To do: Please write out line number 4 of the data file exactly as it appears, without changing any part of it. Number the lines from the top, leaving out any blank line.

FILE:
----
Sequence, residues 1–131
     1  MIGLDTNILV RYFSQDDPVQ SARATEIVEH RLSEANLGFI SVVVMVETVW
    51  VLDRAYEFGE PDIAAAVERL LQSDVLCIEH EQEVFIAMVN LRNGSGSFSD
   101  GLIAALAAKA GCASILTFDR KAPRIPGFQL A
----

   101  GLIAALAAKA GCASILTFDR KAPRIPGFQL A